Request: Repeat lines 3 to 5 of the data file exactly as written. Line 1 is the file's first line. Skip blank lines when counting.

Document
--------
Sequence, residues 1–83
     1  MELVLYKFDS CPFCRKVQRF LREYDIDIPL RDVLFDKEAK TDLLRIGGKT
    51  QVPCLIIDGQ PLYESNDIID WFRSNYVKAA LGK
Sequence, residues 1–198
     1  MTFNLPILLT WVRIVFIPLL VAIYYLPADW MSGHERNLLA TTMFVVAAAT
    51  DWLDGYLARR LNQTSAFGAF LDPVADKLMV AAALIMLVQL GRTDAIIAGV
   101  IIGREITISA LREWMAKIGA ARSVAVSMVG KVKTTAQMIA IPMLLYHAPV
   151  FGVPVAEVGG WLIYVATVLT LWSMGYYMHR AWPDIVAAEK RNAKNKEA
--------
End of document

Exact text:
    51  QVPCLIIDGQ PLYESNDIID WFRSNYVKAA LGK
Sequence, residues 1–198
     1  MTFNLPILLT WVRIVFIPLL VAIYYLPADW MSGHERNLLA TTMFVVAAAT